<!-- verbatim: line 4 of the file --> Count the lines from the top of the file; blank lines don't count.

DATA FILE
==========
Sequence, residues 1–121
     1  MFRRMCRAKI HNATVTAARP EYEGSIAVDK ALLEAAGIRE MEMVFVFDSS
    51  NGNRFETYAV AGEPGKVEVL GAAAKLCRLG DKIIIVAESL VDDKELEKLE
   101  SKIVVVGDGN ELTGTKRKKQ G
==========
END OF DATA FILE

   101  SKIVVVGDGN ELTGTKRKKQ G